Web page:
Of the 16 teams that will play in the FIFA Women's World Cup, first-time qualifier Equatorial Guinea might be the most unknown, and the most interesting.
It's fast. It's strong. It was the first side to arrive in Germany, in mid-May, and an unusual controversy followed it.
Last November, after Nigeria beat Equatorial Guinea 4-2 in the African Championships final, the Nigeria Football Federation filed a protest with the Confederation of African Football (CAF), accusing Equatorial Guinea of using two men. According to news services, Nigeria singled out captain Genoveva Anonma and striker Salimata Simpore because of their leg strength and skill level.
Ghana did not protest formerly, but earlier in the tournament voiced suspicions about those two players as well as Simpore's sister, Biliguisa. Ghana defender Diana Amkomah was widely quoted as saying, "You only need to have physical contact with them on the pitch to know they are men."
The Equatorial Guinea Football Federation, in a statement, called the accusations "totally unfounded" and "evidence of an inferiority complex" from competitors jealous of the country's progress in women's soccer over the past decade. The CAF promised to investigate but has yet to release any findings.
Gender questions about Equatorial Guinea have floated around for years, most notably at the 2008 African Championships, when the women's team shocked Nigeria in the semifinals on its way to the title. Until then, Nigeria had won the tournament every year since its inception in 1998.
Anonma, who also plays for a German club team, Jena, defended herself in an interview with Bild, a German daily newspaper.
"I first heard these accusations back in 2006 and 2008," said Anonma, now 22. "I have already been [gender] tested, which I find offensive."
Marcus Etzel, the president of her club team, told Bild, "It's completely absurd. Of course Genoveva is a woman, and we are very happy she plays for us."
That Equatorial Guinea can be competitive in international women's soccer at all is remarkable. Wedged into the west coast of central Africa between Cameroon and Gabon, Equatorial Guinea is one of Africa's tiniest countries by size (about 11,000 square miles) and population (about 650,000, or slightly more than Baltimore, Md.).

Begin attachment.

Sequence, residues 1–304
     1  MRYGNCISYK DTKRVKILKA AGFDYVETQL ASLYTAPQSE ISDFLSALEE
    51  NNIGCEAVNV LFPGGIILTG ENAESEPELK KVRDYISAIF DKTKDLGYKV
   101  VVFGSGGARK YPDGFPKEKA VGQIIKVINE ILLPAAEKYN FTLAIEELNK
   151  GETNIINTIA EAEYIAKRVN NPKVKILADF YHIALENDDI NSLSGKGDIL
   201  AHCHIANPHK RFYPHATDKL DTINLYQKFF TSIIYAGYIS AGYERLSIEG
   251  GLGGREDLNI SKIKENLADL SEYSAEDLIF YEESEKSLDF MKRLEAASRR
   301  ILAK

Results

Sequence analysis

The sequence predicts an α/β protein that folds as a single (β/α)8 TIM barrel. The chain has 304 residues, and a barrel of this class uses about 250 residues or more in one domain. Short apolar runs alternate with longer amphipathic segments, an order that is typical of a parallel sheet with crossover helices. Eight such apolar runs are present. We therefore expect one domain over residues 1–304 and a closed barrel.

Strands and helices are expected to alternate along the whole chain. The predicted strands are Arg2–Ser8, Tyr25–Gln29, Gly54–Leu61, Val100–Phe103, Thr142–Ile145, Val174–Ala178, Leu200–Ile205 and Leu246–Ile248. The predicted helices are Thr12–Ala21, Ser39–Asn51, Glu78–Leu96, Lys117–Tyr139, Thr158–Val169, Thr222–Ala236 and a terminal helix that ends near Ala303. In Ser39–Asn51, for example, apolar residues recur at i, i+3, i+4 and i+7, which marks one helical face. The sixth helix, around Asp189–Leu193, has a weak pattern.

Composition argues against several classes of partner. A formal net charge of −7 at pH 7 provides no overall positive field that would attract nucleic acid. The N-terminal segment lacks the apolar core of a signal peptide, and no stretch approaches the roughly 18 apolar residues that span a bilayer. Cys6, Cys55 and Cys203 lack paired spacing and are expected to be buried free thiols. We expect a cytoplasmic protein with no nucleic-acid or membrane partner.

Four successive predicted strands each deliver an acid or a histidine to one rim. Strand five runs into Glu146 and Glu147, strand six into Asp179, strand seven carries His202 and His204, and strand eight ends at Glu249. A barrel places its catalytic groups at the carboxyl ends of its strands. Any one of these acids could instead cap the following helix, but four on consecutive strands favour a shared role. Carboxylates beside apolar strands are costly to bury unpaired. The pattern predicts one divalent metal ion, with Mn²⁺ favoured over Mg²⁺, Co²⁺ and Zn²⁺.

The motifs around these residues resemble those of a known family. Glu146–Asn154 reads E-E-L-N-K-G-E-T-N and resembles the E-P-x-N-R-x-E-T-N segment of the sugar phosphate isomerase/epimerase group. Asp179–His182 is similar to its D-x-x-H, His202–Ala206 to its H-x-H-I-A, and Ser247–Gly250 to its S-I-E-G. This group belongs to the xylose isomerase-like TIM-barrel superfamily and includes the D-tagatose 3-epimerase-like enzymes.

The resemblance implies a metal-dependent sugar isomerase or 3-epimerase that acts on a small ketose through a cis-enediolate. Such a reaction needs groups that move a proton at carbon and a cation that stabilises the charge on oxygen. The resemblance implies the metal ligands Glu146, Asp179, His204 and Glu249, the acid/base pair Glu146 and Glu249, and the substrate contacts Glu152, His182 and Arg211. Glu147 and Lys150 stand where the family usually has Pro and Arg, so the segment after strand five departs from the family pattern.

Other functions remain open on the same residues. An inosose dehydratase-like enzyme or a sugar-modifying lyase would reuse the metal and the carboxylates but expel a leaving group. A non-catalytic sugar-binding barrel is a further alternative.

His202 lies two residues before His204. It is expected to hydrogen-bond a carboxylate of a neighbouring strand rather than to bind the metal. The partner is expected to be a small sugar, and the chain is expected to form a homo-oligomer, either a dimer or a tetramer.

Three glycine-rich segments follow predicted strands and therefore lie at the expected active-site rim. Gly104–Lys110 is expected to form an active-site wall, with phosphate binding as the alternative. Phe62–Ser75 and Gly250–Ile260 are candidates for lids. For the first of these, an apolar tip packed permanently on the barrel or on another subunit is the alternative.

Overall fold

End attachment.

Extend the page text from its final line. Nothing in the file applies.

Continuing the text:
It has never qualified for an Olympic Games, and until now never made a World Cup, either. It is the smallest nation ever in a women's World Cup field. But the team's rise has been swift since it began international play in 2000. With a roster fortified by more than half a dozen players born in Brazil, it is 61st in the latest FIFA world rankings, its highest slot ever.
The women's team had been eliminated in group play in the 2006 African Championship and turned back by South Africa in a 2007 Olympic qualifier before breaking through at the 2008 Africa Championships, which it hosted. Advancing from group play undefeated, it went on to beat Nigeria 1-0 in the semifinals and South Africa 2-1 in the final. Anonma led the tournament with six goals, outscoring every team except South Africa by herself.
Last year, with a runner-up finish at the African Championships, the Equatorial Guinea women's team earned a World Cup berth before the men's team. The women's team will play in rugged Group D with 2007 World Cup runner-up Brazil, Norway, which has never failed to advance from group play, and Asian champion Australia.
Since qualifying, the women's team changed coaches. Jean-Paul Mpila's contract expired and a Brazilian, Marcelo Maria Frigerio, will run the team through the end of the World Cup. It also endured the death of defender Teclaire Bille Esono, 22, in an auto accident last December.
"We're one of the debutants, and though we don't know much about the teams we'll be up against, we're going to prepare and do the very best we can," Bonifacio Manga Obiang, president of the Equatorial Guinea Football Federation, said to fifa.com. "Like any other team we want to win, and I hope we can do that in our opening game against Norway. We're very happy just to have qualified."